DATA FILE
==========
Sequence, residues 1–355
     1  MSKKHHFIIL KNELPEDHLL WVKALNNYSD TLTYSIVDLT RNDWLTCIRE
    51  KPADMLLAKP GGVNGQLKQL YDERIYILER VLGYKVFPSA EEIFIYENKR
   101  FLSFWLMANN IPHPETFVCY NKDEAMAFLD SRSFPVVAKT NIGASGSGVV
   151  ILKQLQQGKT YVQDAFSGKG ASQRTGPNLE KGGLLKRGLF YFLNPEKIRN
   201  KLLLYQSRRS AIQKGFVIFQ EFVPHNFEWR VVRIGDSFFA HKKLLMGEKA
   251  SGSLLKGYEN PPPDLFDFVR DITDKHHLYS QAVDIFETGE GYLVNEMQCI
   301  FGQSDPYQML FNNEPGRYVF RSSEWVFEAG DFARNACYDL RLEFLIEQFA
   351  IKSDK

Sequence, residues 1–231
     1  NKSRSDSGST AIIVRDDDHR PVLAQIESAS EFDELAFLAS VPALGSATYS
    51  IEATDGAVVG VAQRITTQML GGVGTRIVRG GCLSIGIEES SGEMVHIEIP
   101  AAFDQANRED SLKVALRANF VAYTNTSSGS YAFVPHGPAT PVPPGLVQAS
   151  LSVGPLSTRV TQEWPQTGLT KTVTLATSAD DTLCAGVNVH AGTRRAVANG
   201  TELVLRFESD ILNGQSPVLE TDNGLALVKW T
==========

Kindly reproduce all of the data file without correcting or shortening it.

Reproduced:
Sequence, residues 1–355
     1  MSKKHHFIIL KNELPEDHLL WVKALNNYSD TLTYSIVDLT RNDWLTCIRE
    51  KPADMLLAKP GGVNGQLKQL YDERIYILER VLGYKVFPSA EEIFIYENKR
   101  FLSFWLMANN IPHPETFVCY NKDEAMAFLD SRSFPVVAKT NIGASGSGVV
   151  ILKQLQQGKT YVQDAFSGKG ASQRTGPNLE KGGLLKRGLF YFLNPEKIRN
   201  KLLLYQSRRS AIQKGFVIFQ EFVPHNFEWR VVRIGDSFFA HKKLLMGEKA
   251  SGSLLKGYEN PPPDLFDFVR DITDKHHLYS QAVDIFETGE GYLVNEMQCI
   301  FGQSDPYQML FNNEPGRYVF RSSEWVFEAG DFARNACYDL RLEFLIEQFA
   351  IKSDK

Sequence, residues 1–231
     1  NKSRSDSGST AIIVRDDDHR PVLAQIESAS EFDELAFLAS VPALGSATYS
    51  IEATDGAVVG VAQRITTQML GGVGTRIVRG GCLSIGIEES SGEMVHIEIP
   101  AAFDQANRED SLKVALRANF VAYTNTSSGS YAFVPHGPAT PVPPGLVQAS
   151  LSVGPLSTRV TQEWPQTGLT KTVTLATSAD DTLCAGVNVH AGTRRAVANG
   201  TELVLRFESD ILNGQSPVLE TDNGLALVKW T